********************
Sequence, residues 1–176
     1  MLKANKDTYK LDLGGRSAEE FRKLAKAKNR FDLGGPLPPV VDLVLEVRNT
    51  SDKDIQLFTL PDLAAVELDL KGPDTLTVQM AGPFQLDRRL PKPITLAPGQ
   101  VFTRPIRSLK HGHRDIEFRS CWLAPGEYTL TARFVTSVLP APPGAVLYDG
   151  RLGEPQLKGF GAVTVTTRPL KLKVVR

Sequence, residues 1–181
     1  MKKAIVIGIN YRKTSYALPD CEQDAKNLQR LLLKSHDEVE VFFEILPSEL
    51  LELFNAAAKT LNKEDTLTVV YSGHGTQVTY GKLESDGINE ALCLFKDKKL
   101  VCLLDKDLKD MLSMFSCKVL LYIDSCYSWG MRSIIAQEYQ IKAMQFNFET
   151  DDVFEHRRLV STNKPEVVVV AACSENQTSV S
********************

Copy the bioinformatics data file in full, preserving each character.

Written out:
Sequence, residues 1–176
     1  MLKANKDTYK LDLGGRSAEE FRKLAKAKNR FDLGGPLPPV VDLVLEVRNT
    51  SDKDIQLFTL PDLAAVELDL KGPDTLTVQM AGPFQLDRRL PKPITLAPGQ
   101  VFTRPIRSLK HGHRDIEFRS CWLAPGEYTL TARFVTSVLP APPGAVLYDG
   151  RLGEPQLKGF GAVTVTTRPL KLKVVR

Sequence, residues 1–181
     1  MKKAIVIGIN YRKTSYALPD CEQDAKNLQR LLLKSHDEVE VFFEILPSEL
    51  LELFNAAAKT LNKEDTLTVV YSGHGTQVTY GKLESDGINE ALCLFKDKKL
   101  VCLLDKDLKD MLSMFSCKVL LYIDSCYSWG MRSIIAQEYQ IKAMQFNFET
   151  DDVFEHRRLV STNKPEVVVV AACSENQTSV S